A former cable executive is making moves to be first in line if and when Adelphia Communications Corp. decides to sell its overbuilt cable systems in Central Florida.
Harry Cushing III — former CEO of Telesat Cablevision, an Orlando, Fla.-based overbuilder once owned by Florida Power & Light Co. — said he has contacted the Coudersport, Pa.-based MSO about buying the systems.
Although Adelphia informed him in a letter that the properties were not for sale, Cushing wants to press on.
The systems, located in Central Florida's Orange, Osceola, Citrus and Hillsborough counties, were sold to Adelphia in 1995 and have about 47,000 subscribers. They are primarily in areas already served by Time Warner Cable.
Went hungry, once
The Time Warner systems will fall under the ownership of Advance/Newhouse Communications in January, as part of A/N's agreement to bust up the Time Warner Entertainment-A/N partnership earlier this year.
Cushing has been out of the cable business for about seven years. He was laid off when Telesat sold its systems to Adelphia in 1995.
He briefly returned to the spotlight in 1996, when, according to press reports, Cushing staged a three-day hunger strike in front of FP&L headquarters in Orlando, claiming that he and two other executives did not receive a promised severance package and a percentage of the $110 million sale to Adelphia.
Cushing and the other former executives finally settled with the utility in May 1996.
Cushing believes he can run the systems more successfully than Adelphia has, and said he has backers who will help him work out a deal. He declined to name those backers.
He also plans to move from Seattle, where he currently resides, and will open up a Florida office on Jan. 8 under the name Florida Broadband Associates. That name could change as he pursues the Adelphia acquisition.
Cushing wrote to Adelphia chairman Erland Kailbourne on Nov. 7 about his interest in the systems. He received a reply Nov. 19 from Adelphia's chief restructuring officer, Ron Stengel, who stated that Adelphia was still evaluating whether it would dispose of some of its systems.
But Cushing is optimistic.
Since filing for bankruptcy protection in June — amid a financial scandal that saw its founding Rigas family ousted from the company and indicted by federal prosecutors — industry observers have speculated that Adelphia might sell some systems as it moves to shore up the company.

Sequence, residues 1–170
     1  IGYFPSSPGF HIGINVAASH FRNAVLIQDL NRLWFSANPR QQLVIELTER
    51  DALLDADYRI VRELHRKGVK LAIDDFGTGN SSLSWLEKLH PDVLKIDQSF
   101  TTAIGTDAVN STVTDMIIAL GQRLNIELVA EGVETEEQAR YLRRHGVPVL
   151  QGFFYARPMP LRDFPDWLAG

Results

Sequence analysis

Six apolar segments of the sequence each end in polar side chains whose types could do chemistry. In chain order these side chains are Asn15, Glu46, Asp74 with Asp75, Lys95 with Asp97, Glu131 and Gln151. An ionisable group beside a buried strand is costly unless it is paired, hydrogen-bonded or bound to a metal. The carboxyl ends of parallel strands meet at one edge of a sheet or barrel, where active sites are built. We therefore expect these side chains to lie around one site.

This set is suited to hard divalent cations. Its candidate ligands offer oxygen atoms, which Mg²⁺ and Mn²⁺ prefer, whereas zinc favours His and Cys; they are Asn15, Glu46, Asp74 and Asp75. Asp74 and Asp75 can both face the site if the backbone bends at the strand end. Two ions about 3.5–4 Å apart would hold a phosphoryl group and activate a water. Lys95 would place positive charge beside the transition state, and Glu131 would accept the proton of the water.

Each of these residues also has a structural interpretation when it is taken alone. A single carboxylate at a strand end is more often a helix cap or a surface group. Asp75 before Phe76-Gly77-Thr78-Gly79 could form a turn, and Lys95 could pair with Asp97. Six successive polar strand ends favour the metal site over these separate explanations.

The company also is in the midst of a search for a new CEO. Former AT&T Broadband CEO Bill Schleyer is the front-runner, and analysts have speculated that new management may want to shed systems as well.
Bidding in advance?
"I concluded that the overbuilt systems in Florida would be the first to go," Cushing said. And he wants to be first in line to make a bid.
Advance/Newhouse might be interested in buying the properties as well, but Cushing said that current federal regulations prohibit an incumbent cable provider from purchasing an overbuilt system within its franchise area.
Adelphia had tried to skirt that issue last year when it agreed to buy Verizon Corp.'s overbuild properties in California and Florida. Those deals were terminated when Adelphia's financial situation turned sour.
"Adelphia in overbuilt areas is floundering miserably," Cushing said. When he left the company in 1996, he added, penetration rates stood at more than 54 percent. Currently, Adelphia's penetration rate in those Florida counties is about 40 percent, Cushing said.
"Running an overbuilt system is extremely complex," Cushing said. "I was at it long enough to find out what the mistakes are."
While there is still no guarantee that Cushing would be able to buy the Adelphia systems — or even that they are for sale — he said his first order of business should he win the properties is to shore up customer service and marketing.
In July, Adelphia announced it had laid off its entire 48-member direct sales force in Florida, but said the move would not affect customer service.
The Adelphia systems are in need of about $9 million in upgrades, Cushing estimated.
While he would not reveal what he would pay for the systems, he noted that the last big overbuilder to sell out — Ameritech Inc.'s Americast cable operator — was sold to WideOpenWest LLC for about $775 per subscriber. Given the state of the deal market since then, those same systems would be worth about $500 per subscriber, he said.
At that price, the Florida systems could fetch about $23.5 million.
Cushing said that Verizon is still trying to sell its Pinellas County, Fla., system — another overbuild of Time Warner Cable — which could present another opportunity for him and his investors.
"Pinellas County has about 59,000 subscribers," Cushing said. "We could put together a nice cluster."